Transformation Garden - Apr. 22, 2010


"And there was a man in Maon, whose possessions were in Carmel; and the man was very great, and he had three thousand sheep, and a thousand goats; and he was shearing his sheep in Carmel." 
I Samuel 25: 1, 2, King James Version


"Wilderness Time is Working Time"

"(She) who labors diligently need never despair." 
Meander of Athens

Have I ever been in a "wilderness" experience where I felt all I was doing was a waste of my time?

How did I react?

Did I later find that during this time when my talents and abilities were apparently being wasted I had really been being trained by God for a work He had for me to do?

"Diligence is a good teacher." 


"Let us use the gifts of God lest they be extinguished by our slothfulness." 
John Calvin

As we begin to study I Samuel 25, we find a sad event, transpired in the nation of Israel. Their admired prophet and priest Samuel, a Godly figure who for years could be counted upon for his wise advice and astute leadership, died and was buried in Ramah, his home.  This, as I read in the Bible, was one of those defining moments when one of God's servants laid down his tools and was given rest from his earthly labors.

But as too often happens when a great spiritual influence is gone, there can be a void.  And with King Saul's lack of foresight and heavenly wisdom, the nation of Israel was like a flock of sheep with no shepherd.

What's more, David had already been anointed by Samuel as the future king but where was the up-and-coming monarch? He was, according to I Samuel 25: 1, "Down in the wilderness of Paran." His talents it appears were being unused.  His abilities ignored. His prowess forgotten.

Except to come to this conclusion would be totally wrong. That's right.  It was in this very wilderness where David's skills were being honed under the watchful eye of his heavenly Father.  I have to tell you that I didn't realize this fact until I began to study the writings of many Biblical scholars who observed that it was while David was in the wilderness running from King Saul, his own father-in-law, that he developed the necessary skills and the knowledge needed to protect his countrymen and women when he finally ascended the throne of Israel.  Out in the wilderness, he learned to command an army.  He studied the strengths and weaknesses of the leaders and military in the countries surrounding Israel.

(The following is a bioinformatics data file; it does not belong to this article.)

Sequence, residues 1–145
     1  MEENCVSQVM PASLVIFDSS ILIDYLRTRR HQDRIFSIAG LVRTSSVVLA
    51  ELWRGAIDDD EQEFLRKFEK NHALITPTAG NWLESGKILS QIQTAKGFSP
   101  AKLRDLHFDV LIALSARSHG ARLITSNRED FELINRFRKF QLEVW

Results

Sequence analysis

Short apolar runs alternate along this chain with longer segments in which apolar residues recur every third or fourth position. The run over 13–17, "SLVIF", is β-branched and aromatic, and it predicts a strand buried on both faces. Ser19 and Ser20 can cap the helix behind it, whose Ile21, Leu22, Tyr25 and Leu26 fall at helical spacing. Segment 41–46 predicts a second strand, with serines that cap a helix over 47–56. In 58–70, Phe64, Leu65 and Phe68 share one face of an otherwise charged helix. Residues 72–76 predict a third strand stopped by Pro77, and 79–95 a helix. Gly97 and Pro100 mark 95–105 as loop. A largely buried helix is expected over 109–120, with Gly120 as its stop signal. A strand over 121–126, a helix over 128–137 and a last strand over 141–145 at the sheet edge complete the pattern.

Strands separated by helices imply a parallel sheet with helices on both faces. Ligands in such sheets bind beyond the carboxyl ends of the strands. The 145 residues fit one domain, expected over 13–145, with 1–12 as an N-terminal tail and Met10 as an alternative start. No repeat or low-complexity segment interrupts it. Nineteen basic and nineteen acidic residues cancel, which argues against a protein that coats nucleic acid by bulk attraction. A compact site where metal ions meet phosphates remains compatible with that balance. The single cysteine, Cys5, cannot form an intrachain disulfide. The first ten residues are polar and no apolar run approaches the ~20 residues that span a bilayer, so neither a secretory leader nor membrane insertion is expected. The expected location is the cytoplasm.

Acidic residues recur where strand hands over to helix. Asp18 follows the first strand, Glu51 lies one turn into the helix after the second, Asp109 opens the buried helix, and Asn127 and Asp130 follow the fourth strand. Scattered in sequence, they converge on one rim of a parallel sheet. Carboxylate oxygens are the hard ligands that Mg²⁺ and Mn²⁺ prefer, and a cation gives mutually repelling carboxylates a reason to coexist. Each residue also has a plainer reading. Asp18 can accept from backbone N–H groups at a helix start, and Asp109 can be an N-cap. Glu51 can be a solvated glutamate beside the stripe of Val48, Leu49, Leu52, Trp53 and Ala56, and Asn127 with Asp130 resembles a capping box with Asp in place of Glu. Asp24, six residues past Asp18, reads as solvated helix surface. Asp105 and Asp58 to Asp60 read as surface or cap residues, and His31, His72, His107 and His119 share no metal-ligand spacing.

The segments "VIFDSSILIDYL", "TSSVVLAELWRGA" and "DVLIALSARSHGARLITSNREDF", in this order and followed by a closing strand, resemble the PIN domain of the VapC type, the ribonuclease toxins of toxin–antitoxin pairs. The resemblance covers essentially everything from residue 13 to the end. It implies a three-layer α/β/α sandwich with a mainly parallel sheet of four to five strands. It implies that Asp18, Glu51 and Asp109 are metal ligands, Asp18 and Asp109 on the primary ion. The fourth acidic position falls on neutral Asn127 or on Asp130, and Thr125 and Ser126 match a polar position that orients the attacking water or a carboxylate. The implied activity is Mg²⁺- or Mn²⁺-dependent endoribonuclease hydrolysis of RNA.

Futhermore, as one author noted, David became an expert at protecting his own countrymen.  The geographical area around Israel allowed for many enemies to strike unprotected borders without warning.  However, David and his band of individuals whom the Bible says were, "discontented," became a well-greased machine that worked together harmoniously.  And this band of renegades became an admired group of defenders, looking out for the land and livestock of their fellow countrymen.  What's more, as we will later see, they were a trustworthy group. Unlike some of the mercenaries, who were even Israelites, David's army of men, were honest in taking care of what wasn't theirs. And so, during his wilderness wanderings David built up goodwill that would be a necessary ingredient during his rulership. David's diligence led others to admire him for what he could do, not what he talked about doing.